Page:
Statement of Comprehensive Income for Businesses

Statement of Comprehensive Income for Businesses

by Roberta Codemo, September 2018

Financial statements are a set of management-prepared reports that present a business's financial situation. There are many different documents that comprise a financial statement, two of the most important being a statement of comprehensive income and an income statement.

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Income Statement for a Business

An income statement, also called a profit and loss (P&L) statement, shows the businesses's revenues (the amount of money a business receives from selling goods or services) and expenses (the amount of money a business spends, such as in rent, wages, and utilities) during a specific period of time, usually monthly, quarterly, or annually. To calculate the net income or loss of the business, subtract total expenses from total revenues. If revenues exceed expenses, the business is profitable; if expenses exceed revenues, the company is unprofitable.

Statement of Comprehensive Income

A statement of comprehensive income is a separate financial statement that follows the income statement and covers the same period of time. The income statement and the statement of comprehensive income can be combined into one continuous financial statement. The statement of comprehensive income includes the net income off the income statement and other comprehensive income, which includes items that haven't been realized yet. This means the events have occurred but haven't been monetarily recorded because they haven't yet been earned or incurred.

For example, your business might buy five shares of stock in another business for $20 a share. The purchase price of $100 is recorded on the balance sheet. A few months later, the stock is worth $40 a share, or $200 total. Until the stock is sold for $200, the business cannot record the $200 as additional income on the balance sheet and must continue to list the stock price as $100. The items on the balance sheet, such as the shares of stock, don't reflect the actual value of the assets. Other examples of comprehensive income include:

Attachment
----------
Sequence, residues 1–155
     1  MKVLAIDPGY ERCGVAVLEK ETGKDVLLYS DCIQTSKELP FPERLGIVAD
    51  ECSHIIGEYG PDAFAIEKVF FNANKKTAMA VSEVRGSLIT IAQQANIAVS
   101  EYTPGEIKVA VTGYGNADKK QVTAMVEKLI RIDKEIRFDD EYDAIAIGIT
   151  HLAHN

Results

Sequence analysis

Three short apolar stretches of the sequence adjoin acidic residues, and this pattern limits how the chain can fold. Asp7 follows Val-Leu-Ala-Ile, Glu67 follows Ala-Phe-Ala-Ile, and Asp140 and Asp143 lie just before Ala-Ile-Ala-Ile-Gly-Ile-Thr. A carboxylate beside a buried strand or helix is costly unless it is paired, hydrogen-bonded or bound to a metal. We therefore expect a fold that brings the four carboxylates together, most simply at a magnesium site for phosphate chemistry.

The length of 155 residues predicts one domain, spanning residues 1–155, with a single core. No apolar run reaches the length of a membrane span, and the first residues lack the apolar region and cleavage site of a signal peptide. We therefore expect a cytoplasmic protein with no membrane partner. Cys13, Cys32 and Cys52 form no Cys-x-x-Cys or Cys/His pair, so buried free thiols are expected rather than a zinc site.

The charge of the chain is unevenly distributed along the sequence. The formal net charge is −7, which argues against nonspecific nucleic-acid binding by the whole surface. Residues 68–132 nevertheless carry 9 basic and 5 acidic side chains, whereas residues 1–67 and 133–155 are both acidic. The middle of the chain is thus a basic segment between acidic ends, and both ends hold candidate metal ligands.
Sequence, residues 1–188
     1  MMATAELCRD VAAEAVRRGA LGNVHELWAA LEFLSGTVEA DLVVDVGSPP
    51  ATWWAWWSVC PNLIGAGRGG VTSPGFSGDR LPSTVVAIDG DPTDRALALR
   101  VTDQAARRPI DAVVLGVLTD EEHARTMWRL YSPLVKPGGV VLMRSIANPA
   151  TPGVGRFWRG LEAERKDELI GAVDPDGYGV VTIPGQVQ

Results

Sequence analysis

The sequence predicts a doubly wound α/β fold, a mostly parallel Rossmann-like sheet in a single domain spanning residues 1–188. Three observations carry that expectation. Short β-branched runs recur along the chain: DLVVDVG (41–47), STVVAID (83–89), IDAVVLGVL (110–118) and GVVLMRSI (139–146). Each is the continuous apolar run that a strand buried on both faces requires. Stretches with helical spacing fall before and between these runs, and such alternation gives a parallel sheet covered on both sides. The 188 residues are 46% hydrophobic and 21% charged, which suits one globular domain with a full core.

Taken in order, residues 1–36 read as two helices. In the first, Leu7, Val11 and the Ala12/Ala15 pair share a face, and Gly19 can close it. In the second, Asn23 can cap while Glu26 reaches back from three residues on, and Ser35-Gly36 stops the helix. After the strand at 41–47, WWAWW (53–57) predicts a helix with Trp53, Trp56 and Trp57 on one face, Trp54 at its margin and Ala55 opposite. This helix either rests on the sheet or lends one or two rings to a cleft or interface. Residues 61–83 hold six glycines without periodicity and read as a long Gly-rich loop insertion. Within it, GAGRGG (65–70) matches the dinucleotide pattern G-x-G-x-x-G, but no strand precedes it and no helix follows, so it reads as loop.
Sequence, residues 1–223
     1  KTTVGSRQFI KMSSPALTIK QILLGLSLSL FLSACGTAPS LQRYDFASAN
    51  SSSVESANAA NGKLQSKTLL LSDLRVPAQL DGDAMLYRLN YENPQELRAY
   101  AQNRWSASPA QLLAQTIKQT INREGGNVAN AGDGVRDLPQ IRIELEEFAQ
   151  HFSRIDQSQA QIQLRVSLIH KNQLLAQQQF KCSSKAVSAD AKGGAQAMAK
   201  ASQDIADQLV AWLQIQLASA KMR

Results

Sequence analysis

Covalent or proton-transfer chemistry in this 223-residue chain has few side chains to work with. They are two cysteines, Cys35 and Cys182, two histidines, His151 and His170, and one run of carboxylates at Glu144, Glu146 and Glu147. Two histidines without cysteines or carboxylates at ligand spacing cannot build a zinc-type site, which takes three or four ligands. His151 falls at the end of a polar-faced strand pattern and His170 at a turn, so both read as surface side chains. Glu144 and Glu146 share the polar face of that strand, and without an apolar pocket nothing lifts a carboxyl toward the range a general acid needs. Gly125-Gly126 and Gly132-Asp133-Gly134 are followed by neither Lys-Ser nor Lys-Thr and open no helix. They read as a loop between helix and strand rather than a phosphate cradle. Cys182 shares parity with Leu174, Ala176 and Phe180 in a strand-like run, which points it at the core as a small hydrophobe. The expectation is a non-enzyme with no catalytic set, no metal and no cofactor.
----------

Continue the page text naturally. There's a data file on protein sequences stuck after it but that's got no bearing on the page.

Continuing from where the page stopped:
• Unrealized gains or losses on available-for-sale securities
  • Unrealized gains or losses on other financial investments
  • Unrealized gains or losses on pension and retirement benefit plans
  • Foreign currency adjustments

The totals from each section are added together and presented as comprehensive income. This amount is then transferred to the balance sheet and listed as other accumulated comprehensive income.

Understanding a statement of comprehensive income is important because income versus comprehensive income only recognizes revenues and expenses when they are incurred, leaving off sources of revenues and expenses that have not yet been realized. When creditors or investors review a business's financial documents, they want to know how this affects equity, or the value of the assets minus liabilities.

Budgeted Income Statement

A budgeted income statement contains the items found on an income statement. The difference between an income statement and a budgeted income statement is that the latter is a projection of what the income statement will look like in the future based on the projected financial outlook of the business. That makes a budgeted income statement a useful tool for comparing all the budget periods at one time to spot any anomalies.

Financial statements help you understand and track your money on a monthly, quarterly, and annual basis. If you need help preparing your company's annual reports or other financial documents, consider using an online service provider to help you get your business on track and out of the weeds.